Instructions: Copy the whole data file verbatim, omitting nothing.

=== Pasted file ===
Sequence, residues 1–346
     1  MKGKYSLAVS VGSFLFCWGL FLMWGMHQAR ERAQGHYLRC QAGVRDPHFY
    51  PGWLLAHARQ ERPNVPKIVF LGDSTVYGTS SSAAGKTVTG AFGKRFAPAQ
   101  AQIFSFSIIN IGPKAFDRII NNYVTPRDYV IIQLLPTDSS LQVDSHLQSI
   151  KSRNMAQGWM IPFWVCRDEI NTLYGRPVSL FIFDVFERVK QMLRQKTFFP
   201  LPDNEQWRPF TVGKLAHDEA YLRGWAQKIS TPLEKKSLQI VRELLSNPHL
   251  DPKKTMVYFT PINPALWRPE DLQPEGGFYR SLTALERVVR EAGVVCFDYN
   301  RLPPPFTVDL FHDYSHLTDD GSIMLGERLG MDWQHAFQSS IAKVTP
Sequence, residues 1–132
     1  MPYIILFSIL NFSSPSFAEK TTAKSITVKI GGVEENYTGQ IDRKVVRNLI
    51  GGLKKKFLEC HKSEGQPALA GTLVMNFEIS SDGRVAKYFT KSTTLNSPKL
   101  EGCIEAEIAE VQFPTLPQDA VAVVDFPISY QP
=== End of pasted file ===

Sequence, residues 1–346
     1  MKGKYSLAVS VGSFLFCWGL FLMWGMHQAR ERAQGHYLRC QAGVRDPHFY
    51  PGWLLAHARQ ERPNVPKIVF LGDSTVYGTS SSAAGKTVTG AFGKRFAPAQ
   101  AQIFSFSIIN IGPKAFDRII NNYVTPRDYV IIQLLPTDSS LQVDSHLQSI
   151  KSRNMAQGWM IPFWVCRDEI NTLYGRPVSL FIFDVFERVK QMLRQKTFFP
   201  LPDNEQWRPF TVGKLAHDEA YLRGWAQKIS TPLEKKSLQI VRELLSNPHL
   251  DPKKTMVYFT PINPALWRPE DLQPEGGFYR SLTALERVVR EAGVVCFDYN
   301  RLPPPFTVDL FHDYSHLTDD GSIMLGERLG MDWQHAFQSS IAKVTP
Sequence, residues 1–132
     1  MPYIILFSIL NFSSPSFAEK TTAKSITVKI GGVEENYTGQ IDRKVVRNLI
    51  GGLKKKFLEC HKSEGQPALA GTLVMNFEIS SDGRVAKYFT KSTTLNSPKL
   101  EGCIEAEIAE VQFPTLPQDA VAVVDFPISY QP